Lathe Safety Guidelines
Safe, effective use of a wood lathe requires study and knowledge of procedures for using this tool. Read, thoroughly understand, and follow the label warnings on the lathe and in the owner/operator's manual. Safety guidelines and from an experienced instructor, video or book are also a good source of important safety procedures. Please read the following guidelines carefully.
1. Always wear safety
goggles or safety glasses that include side protectors. Use a full faceshield
for bowl, vessel or any turning involving chucks and faceplates.
2. Fine particles from a grinder and wood dust are harmful to your respiratory system. Use a dust mask, air filtration helmet, proper ventilation, dust collection system or a combination of these to deal with this serious issue. Be especially mindful of dust from many exotic woods, spalted woods or any wood which you notice a skin or respiratory reaction.
3. Wear hearing protection during extended periods of turning time.
4. Turn the lathe “off’ before adjusting the tool rest or tool rest base (banjo).
5. Remove chuck keys, adjusting wrenches and knockout bars. Form a habit of checking for these before turning on the lathe.
6. Tie back long hair, do not wear gloves, and avoid loose clothing, jewelry or any dangling objects that may catch on rotating parts or accessories.
7. When using a faceplate, be certain the workpiece is solidly mounted with stout screws (#10 or #12 sheet metal screws as a minimum). Do not use dry wall or deck screws. When turning between centers, be certain the workpiece is firmly mounted between the headstock driving center and tailstock center.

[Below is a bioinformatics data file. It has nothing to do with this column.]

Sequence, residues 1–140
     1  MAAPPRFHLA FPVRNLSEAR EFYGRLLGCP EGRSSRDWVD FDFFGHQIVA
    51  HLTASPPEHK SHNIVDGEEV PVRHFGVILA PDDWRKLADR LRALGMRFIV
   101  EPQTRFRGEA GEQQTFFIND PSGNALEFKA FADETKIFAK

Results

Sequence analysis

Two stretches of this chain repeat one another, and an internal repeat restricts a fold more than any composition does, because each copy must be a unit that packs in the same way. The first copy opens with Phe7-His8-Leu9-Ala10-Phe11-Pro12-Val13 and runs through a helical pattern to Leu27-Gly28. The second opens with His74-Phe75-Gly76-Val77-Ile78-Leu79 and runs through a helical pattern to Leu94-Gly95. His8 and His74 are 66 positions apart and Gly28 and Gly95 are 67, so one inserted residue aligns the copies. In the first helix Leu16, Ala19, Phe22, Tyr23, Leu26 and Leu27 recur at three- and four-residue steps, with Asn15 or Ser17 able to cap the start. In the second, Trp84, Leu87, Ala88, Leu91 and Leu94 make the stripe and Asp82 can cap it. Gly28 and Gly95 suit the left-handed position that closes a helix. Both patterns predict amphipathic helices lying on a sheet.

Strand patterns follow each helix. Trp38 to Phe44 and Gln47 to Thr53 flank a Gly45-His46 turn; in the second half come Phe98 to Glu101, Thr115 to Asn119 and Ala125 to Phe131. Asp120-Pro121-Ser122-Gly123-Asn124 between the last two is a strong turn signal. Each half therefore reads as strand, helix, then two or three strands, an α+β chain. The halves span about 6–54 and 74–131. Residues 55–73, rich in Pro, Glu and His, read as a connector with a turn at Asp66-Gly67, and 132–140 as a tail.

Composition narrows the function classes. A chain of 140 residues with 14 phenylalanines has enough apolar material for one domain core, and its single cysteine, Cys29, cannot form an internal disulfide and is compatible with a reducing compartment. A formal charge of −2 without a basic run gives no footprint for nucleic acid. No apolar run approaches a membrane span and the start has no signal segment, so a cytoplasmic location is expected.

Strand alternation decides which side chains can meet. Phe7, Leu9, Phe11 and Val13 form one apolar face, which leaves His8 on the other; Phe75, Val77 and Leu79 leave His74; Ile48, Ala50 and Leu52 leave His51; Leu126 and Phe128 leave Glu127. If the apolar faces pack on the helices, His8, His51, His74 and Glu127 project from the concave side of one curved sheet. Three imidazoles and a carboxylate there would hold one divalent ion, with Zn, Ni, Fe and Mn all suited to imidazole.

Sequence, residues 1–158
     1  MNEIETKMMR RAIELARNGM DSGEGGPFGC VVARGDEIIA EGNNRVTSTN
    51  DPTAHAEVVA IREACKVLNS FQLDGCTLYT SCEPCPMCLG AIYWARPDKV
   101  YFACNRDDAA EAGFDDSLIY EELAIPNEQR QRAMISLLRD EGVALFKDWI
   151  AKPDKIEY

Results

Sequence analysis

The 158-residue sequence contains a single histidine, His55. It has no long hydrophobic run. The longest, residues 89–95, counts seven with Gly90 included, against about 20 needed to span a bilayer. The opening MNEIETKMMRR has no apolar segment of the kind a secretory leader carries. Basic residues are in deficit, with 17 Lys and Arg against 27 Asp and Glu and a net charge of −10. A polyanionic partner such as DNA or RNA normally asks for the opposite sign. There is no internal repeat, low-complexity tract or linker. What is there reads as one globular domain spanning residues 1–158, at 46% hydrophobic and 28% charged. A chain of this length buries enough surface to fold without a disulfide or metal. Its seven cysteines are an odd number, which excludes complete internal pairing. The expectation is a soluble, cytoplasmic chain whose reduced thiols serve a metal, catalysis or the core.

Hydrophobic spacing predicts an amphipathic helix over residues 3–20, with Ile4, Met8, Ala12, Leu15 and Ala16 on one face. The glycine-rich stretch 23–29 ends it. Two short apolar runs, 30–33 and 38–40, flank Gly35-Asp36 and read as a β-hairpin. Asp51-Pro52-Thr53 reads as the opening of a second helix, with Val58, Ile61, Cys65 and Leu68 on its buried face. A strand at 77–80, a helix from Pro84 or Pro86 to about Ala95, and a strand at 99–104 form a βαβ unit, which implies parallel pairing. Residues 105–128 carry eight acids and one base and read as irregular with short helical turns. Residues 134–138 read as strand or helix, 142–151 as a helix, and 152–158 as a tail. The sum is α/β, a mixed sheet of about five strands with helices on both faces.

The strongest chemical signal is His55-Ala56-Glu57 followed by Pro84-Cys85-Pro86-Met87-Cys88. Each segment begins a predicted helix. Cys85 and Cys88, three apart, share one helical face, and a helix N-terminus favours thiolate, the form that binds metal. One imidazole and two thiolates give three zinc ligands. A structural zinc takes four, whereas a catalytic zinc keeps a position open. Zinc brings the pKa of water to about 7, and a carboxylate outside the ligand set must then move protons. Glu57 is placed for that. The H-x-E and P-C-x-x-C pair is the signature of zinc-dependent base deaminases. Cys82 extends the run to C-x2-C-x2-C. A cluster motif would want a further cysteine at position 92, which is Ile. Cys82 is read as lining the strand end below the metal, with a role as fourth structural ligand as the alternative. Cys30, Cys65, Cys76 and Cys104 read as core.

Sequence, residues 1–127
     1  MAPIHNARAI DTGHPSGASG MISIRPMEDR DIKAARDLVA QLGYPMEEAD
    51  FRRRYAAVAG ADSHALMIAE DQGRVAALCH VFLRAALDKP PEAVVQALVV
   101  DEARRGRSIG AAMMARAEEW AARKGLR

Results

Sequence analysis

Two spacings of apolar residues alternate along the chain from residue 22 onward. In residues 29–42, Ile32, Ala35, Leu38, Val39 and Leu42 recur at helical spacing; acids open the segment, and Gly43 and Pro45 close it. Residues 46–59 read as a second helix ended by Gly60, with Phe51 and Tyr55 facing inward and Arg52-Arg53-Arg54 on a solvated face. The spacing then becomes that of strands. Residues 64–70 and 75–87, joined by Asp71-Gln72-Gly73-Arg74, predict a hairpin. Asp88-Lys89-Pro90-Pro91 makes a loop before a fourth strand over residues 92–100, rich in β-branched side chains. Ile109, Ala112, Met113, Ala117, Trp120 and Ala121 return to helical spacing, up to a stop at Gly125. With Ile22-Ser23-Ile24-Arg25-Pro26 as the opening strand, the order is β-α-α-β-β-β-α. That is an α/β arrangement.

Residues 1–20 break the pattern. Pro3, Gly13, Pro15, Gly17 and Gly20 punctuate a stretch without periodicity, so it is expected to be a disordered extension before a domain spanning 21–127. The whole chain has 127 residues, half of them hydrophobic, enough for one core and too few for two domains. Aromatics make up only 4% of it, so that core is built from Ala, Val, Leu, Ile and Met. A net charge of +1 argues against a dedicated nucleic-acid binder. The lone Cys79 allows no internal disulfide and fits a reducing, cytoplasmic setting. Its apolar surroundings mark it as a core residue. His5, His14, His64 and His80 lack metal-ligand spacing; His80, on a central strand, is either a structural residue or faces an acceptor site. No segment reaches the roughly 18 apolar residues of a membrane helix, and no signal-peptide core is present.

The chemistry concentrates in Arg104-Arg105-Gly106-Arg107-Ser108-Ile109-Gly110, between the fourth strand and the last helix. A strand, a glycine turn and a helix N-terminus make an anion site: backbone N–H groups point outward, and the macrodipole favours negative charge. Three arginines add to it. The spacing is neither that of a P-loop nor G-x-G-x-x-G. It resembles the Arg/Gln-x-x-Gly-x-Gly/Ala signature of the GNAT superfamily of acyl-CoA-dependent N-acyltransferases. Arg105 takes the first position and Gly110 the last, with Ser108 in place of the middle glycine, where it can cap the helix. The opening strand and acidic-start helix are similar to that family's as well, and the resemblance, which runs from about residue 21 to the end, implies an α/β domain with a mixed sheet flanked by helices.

8. Make certain that the belt guard or cover is in place.
9. Check that all locking devices on the tailstock and tool rest assembly (rest and base) are tight before operating the lathe.
10. Make sure the blank is securely fastened.
11. Rotate your workpiece by hand to make sure it clears the toolrest and bed before turning the lathe “on”. Be certain that the workpiece turns freely and is firmly mounted. A handwheel on the headstock simplifies this process of spinning the lathe by hand before turning on the switch.
12. Be aware of what turners call the “red zone” or “firing zone.” This is the area directly behind and in front of the workpiece—the areas most likely for a piece to travel as it comes off the lathe. A good safety habit is to step out of this zone when turning on the lathe, keeping your hand on the switch in case you need to turn the machine off. When observing someone else turn, stay out of this zone.
13. ALWAYS CHECK THE SPEED OF THE LATHE BEFORE TURNING IT ON. Use slower speeds for larger diameters or rough pieces, and higher speeds for smaller diameters and pieces that are balanced. Always start a piece at a slower speed until the workpiece is balanced. If the lathe is shaking or vibrating, lower the speed. If the workpiece vibrates, always stop the machine to check the reason. As a starting point, consult your operator’s manual for recommended speeds for a particular lathe. Make sure the lathe speed is compatible with the size of the blank.